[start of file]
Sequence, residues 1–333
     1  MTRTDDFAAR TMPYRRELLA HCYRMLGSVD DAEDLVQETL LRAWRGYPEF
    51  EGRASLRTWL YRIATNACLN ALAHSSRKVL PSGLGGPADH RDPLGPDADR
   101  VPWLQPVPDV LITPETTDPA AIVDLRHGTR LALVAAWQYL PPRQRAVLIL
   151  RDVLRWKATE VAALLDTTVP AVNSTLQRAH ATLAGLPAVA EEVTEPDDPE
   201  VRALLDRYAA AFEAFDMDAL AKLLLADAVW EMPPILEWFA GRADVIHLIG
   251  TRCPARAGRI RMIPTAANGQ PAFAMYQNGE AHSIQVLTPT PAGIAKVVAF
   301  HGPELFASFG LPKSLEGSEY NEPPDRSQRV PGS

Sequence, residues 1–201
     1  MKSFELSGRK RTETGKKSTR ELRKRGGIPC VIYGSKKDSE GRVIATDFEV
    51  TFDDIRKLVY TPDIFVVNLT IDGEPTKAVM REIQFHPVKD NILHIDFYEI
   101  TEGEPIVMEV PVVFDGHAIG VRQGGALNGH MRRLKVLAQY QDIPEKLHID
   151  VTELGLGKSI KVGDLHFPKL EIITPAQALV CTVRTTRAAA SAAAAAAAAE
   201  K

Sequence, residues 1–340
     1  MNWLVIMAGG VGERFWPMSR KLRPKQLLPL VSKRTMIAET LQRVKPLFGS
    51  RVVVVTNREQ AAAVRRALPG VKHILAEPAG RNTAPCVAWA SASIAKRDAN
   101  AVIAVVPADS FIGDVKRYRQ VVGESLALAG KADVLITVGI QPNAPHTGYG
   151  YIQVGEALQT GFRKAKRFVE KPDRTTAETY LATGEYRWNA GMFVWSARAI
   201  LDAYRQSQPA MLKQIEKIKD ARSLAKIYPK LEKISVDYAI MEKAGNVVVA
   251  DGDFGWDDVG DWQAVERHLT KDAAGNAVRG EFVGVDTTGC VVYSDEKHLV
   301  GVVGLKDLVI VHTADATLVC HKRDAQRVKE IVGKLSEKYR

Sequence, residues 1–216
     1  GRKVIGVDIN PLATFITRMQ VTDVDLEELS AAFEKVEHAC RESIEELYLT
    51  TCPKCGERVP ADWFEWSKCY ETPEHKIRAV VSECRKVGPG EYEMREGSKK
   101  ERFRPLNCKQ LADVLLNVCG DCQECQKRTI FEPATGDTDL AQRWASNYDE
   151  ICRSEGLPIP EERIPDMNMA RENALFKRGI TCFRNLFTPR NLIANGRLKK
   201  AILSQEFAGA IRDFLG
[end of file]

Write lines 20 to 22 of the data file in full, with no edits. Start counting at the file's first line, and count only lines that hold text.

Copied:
   201  LDAYRQSQPA MLKQIEKIKD ARSLAKIYPK LEKISVDYAI MEKAGNVVVA
   251  DGDFGWDDVG DWQAVERHLT KDAAGNAVRG EFVGVDTTGC VVYSDEKHLV
   301  GVVGLKDLVI VHTADATLVC HKRDAQRVKE IVGKLSEKYR